God With Skin On


A little fellow put to bed one night couldn’t sleep. After some twisting and turning, he eventually slipped into a slumber, only to awaken screaming by the horrors of a nightmare. His father rushed upstairs to assure him that everything was fine, but the shadows on the wall plus the darkness kept him in a state of fear. After some time, his father said, “I am going downstairs, but God will watch over you. He is right here.” That seemed little comfort to the child, who exclaimed, “I want a God with skin on.” 

“God with skin on” is the marvel and the message of the incarnation of the Lord Jesus Christ. Christmas is a celebration and commemoration of the fact that God became a man, the eternal Word was made flesh, the highest being became a lowly creature, the source of life became a dying man, and omnipotence was wrapped in a swaddling cloth and laid in a manger (John 1:14; Phil. 2:5–9). “God with skin on” is one of the great wonders and doctrines of the Christian faith.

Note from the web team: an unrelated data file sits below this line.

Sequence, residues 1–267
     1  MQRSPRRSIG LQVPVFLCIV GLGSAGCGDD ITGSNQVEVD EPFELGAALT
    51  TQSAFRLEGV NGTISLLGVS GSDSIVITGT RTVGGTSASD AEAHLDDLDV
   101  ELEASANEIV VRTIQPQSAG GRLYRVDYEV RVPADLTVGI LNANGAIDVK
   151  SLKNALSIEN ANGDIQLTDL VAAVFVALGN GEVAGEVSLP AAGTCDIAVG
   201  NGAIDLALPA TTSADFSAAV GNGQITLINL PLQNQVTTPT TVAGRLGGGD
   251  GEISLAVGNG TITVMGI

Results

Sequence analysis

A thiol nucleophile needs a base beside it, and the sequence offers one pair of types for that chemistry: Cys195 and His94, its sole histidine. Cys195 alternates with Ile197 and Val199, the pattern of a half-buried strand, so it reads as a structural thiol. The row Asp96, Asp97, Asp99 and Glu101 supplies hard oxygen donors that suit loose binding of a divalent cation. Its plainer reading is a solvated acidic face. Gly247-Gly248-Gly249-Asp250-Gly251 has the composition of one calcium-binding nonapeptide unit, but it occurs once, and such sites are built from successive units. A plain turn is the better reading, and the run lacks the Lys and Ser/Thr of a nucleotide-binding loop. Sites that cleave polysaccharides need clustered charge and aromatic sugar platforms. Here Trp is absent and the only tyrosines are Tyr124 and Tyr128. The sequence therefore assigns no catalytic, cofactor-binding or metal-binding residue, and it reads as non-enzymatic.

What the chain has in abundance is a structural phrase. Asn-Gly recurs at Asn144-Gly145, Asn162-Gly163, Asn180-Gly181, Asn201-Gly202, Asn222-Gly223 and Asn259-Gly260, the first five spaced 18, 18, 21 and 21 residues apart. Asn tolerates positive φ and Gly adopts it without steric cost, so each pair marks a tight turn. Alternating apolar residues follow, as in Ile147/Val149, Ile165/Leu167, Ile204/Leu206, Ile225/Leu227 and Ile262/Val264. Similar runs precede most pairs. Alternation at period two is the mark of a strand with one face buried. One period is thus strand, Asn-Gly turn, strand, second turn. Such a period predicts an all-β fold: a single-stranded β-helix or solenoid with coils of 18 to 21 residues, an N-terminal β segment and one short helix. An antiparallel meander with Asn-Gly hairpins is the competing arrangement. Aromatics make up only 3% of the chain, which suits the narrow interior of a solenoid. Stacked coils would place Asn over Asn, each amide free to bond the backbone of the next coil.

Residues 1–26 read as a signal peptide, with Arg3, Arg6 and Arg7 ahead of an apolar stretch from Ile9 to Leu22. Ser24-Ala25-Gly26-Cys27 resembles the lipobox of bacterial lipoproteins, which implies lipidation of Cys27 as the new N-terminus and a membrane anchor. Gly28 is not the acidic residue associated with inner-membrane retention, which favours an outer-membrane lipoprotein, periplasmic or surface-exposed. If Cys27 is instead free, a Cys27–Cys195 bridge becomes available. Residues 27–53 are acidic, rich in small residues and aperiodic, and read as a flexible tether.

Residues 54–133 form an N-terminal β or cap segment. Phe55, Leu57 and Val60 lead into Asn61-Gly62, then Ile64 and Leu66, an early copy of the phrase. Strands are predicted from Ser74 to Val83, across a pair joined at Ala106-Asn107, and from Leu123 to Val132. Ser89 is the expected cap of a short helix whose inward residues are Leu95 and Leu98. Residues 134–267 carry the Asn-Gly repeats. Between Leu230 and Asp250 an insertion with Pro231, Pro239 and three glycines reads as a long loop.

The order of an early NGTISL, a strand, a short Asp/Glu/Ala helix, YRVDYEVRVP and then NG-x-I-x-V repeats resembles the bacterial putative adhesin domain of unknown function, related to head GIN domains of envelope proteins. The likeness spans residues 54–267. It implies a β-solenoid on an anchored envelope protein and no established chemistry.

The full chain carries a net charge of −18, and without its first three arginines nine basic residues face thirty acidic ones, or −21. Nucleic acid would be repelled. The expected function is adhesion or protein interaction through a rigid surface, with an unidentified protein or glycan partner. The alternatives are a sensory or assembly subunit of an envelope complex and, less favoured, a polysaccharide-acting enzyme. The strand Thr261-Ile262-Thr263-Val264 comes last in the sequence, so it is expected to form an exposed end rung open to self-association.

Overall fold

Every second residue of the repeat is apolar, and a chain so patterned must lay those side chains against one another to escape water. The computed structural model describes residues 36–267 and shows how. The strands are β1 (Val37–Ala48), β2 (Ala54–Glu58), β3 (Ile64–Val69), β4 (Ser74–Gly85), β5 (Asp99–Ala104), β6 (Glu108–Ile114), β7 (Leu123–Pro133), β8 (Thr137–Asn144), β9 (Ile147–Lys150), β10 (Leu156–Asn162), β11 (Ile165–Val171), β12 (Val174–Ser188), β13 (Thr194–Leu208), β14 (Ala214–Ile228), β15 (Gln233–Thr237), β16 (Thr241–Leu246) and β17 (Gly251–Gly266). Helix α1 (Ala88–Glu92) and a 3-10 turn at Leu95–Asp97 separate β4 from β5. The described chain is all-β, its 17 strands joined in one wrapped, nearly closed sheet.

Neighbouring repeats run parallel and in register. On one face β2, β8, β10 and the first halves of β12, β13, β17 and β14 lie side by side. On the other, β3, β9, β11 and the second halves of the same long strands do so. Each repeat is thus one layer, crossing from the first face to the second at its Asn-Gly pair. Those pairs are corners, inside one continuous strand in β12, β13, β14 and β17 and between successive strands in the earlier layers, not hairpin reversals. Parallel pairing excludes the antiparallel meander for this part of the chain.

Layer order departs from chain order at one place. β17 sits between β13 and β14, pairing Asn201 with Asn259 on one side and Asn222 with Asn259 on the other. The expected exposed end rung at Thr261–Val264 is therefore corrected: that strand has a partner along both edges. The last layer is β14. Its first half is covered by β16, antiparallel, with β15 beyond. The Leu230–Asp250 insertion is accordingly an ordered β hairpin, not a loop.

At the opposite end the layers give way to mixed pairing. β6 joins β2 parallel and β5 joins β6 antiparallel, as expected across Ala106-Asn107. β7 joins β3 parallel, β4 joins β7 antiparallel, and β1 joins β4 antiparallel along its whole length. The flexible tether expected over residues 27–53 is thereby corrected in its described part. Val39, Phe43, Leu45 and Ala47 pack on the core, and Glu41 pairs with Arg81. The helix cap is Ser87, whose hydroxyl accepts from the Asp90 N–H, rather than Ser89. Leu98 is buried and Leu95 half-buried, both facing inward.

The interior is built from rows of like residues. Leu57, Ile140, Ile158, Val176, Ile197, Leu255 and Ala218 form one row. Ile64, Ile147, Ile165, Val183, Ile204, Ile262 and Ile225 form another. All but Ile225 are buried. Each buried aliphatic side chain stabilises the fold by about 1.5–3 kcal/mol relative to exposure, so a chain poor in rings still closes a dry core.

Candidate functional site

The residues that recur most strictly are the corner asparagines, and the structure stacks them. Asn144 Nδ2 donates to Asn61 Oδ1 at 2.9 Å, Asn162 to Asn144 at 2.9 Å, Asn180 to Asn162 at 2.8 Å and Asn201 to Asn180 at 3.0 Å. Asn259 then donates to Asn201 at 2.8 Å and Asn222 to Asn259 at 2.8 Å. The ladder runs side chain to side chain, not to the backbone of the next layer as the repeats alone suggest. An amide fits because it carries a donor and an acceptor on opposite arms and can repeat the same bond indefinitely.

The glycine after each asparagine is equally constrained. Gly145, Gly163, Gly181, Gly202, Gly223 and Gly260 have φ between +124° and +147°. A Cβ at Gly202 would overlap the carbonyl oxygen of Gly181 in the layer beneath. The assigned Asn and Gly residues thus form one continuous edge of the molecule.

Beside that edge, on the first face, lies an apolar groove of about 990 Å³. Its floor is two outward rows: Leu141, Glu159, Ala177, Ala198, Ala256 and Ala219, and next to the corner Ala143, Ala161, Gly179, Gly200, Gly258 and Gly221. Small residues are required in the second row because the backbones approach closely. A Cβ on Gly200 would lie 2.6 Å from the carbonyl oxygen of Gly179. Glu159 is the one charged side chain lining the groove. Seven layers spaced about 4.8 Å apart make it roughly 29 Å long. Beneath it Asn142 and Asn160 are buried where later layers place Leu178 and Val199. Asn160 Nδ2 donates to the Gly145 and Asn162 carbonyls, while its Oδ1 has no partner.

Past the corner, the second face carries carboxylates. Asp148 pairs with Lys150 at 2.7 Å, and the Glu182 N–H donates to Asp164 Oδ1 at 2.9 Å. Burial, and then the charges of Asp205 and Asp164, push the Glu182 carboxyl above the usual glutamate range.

In Hebrews 2:14–18, we find three grand purposes to the incarnation. First, Christ came to pick the lock on the prison house of death through His own death, releasing men from its domination and dread (Heb. 2:14–15). Second, seeing that death is the payment on sin, Christ also came to assume the debt of our sin by means of His propitiatory death on the cross for sinners (Heb. 2:17). Third, Christ came not only to die our death but to live our life so that He might become a qualified and sympathetic high priest before God for us (Heb. 2:18). Christ came to release, redeem, and relieve us.

Picking up on this final truth, it is so good to know that in Christ, God knows experientially and exactly what we are going through. He is so in touch with life, its trials and temptations, because Christ was tempted just as we are (Heb. 4:14–16). Our God is a God with skin on, and Christ has carried our humanity to the heights of heaven, forever where He makes well-informed, first-hand prayers for us (Heb. 7:25; 9:24). What a friend we have in Jesus, all our sins and griefs to bear! 

But Christ not only hears; He helps. The Hebrews writer says, “He is able to aid those who are tempted” (Heb. 2:18; see 4:14–16). The picture here is a beautiful one of Christ coming to our assistance—much like a mother running to help when she hears the cry of her child. Christ knows our struggle and is willing to shower us with grace and clothe us with power (John 16:33). When we yield to Christ, we don’t have to yield to temptation (1 John 5:4–5).

As Bishop J. C. Ryle said, “He is not only the Son of God, mighty to save—but also the Son of man, able to feel.”